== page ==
Carbon Cap for the Midwest

Midwest Governors Provide National Leadership with Innovative Agreement to Provide Cleaner Energy and Environment

CHICAGO (May 13, 2009) – The Midwest took a giant step toward building a clean energy future for the region and the nation on Tuesday according to policy and legal experts from the Natural Resources Defense Council (NRDC). Environmentalists, energy utilities, petroleum and manufacturing business representatives agreed to a set of recommendations for a clean energy and carbon pollution cap program to move national and regional global warming policy. The diverse group, pulled from coal and manufacturing-heavy Midwestern states, has hammered out an integrated proposal for the Midwest Governor’s Association to reduce global warming pollution and revitalize the regional economy through clean energy development.

“The drumbeat for national clean energy policy just got a lot louder,” said Henry Henderson Director of NRDC’s Midwest Program who was one of the State of Illinois’ representatives in the process. “We showed that diverse interests can come together to grapple with some of the nation’s toughest energy issues and come away with something that not only protects the environment, but creates jobs and reinvigorates our economy. We’ve done the heavy lifting, now its time for this to move forward in DC.”

The group was brought together by the Midwest Governors Association to advise on the formation of a regional Greenhouse Gas Accord the brought together representatives from manufacturing and utility industries with environmental groups to draft recommendations for a plan to deal with emissions in the region.

Governors from the states of Illinois, Wisconsin, Michigan, Minnesota, Iowa, and Kansas, joined by the Premier of Manitoba, signed the Greenhouse Gas Accord in November 15, 2007, an agreement to put a regional cap and trade policy in place by 2012. The advisory committee of appointees from each state has been meeting since the 2007 commitment. Marathon sessions in Minneapolis this week have resulted in the groundbreaking policy advice to the governors.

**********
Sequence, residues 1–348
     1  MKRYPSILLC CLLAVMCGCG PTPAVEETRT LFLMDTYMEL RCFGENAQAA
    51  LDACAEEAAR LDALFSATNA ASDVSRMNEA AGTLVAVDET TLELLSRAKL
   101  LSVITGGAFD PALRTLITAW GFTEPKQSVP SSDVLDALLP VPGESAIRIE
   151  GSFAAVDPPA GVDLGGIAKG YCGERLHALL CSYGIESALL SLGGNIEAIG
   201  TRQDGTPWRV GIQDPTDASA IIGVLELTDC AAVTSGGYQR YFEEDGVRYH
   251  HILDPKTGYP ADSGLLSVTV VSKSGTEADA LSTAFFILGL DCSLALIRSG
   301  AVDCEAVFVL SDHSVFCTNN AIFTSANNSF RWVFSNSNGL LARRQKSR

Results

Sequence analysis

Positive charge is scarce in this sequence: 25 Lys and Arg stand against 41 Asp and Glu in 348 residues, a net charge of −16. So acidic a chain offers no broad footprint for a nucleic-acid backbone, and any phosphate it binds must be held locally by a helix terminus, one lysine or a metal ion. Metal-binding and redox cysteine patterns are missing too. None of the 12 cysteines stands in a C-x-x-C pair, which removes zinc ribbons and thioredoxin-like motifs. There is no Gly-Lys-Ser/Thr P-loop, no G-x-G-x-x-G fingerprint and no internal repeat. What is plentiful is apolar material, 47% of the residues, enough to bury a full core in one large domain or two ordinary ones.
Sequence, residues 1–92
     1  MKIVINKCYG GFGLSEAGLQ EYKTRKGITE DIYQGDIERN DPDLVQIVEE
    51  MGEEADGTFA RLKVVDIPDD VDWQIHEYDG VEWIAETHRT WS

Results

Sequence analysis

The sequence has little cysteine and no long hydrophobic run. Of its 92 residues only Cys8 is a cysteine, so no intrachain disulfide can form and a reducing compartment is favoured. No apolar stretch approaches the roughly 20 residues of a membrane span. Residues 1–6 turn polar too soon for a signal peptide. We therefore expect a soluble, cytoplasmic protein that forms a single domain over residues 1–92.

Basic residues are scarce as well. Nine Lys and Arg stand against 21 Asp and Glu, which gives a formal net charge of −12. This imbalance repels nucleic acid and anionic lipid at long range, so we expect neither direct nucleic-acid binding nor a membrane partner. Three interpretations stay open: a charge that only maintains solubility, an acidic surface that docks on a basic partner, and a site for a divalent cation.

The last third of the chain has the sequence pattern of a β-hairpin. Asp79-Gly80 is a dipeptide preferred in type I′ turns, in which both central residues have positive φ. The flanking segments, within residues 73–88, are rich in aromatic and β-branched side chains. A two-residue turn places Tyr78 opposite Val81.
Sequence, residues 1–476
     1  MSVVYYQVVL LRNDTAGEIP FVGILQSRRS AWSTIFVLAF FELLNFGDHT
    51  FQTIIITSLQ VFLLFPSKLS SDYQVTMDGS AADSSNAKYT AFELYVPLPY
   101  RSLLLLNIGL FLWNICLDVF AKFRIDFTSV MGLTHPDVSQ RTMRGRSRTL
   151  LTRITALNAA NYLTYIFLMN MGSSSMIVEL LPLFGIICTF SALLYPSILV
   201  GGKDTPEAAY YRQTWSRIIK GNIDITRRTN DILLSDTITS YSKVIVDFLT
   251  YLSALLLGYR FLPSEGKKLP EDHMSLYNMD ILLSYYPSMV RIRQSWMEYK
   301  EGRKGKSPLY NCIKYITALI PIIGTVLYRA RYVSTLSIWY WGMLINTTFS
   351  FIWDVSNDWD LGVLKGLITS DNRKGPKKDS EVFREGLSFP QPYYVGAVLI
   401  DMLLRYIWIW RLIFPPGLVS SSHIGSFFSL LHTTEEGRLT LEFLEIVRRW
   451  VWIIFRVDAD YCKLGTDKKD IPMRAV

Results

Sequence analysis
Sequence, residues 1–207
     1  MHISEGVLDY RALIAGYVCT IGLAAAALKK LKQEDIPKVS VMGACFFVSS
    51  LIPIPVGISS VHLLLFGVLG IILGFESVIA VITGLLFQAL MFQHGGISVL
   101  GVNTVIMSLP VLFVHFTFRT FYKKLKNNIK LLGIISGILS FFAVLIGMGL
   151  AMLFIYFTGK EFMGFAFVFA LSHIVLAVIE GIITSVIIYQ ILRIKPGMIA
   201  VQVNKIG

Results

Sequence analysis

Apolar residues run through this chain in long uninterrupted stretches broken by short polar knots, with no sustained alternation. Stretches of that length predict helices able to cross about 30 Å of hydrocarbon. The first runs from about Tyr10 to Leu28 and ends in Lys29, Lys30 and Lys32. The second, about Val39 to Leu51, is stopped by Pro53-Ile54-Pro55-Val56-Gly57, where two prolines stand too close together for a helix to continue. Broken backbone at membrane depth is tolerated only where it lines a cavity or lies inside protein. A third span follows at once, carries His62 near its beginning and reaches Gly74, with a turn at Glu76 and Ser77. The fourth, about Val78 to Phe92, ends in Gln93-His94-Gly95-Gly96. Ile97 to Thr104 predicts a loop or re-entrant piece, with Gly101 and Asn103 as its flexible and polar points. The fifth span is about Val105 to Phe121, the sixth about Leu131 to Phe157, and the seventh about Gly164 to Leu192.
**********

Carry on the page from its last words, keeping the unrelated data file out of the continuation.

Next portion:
“Putting a cap on carbon pollution protects the health, safety, and security of everyone in the region. It harnesses market forces to clean our air, protect the climate, and revive our economy,” said Henderson, one of two NRDC staffers who helped to negotiate the accord. “And this agreement positions the Midwest to prosper from the clean energy economy rather than be penalized by it. Let’s keep our money in Middle America---by doing that we reinvigorate the rust belt manufacturing base, revive the region with new jobs, ensure energy security, and transform the Midwest with the resources that unlock the clean energy innovations we need in a clean energy economy.”

The Midwest Governors Greenhouse Gas Accord recommendations include:

  • Target of 18-20% emissions reduction by 2020 from 2005 levels, with a 2% emissions bank to manage market risks;
  • The agreement is economy-wide in scope and will include both transportation and home heating fuels immediately;
  • Approximately half of pollution allowances will be auctioned off initially, the rest sold at a set fee. The system will move to a full auction format within set compliance periods;
  • The agreement allows up to 20% of emissions to be offset through scientifically based and verified permanent measures such as forestation and environmentally sound agricultural practices.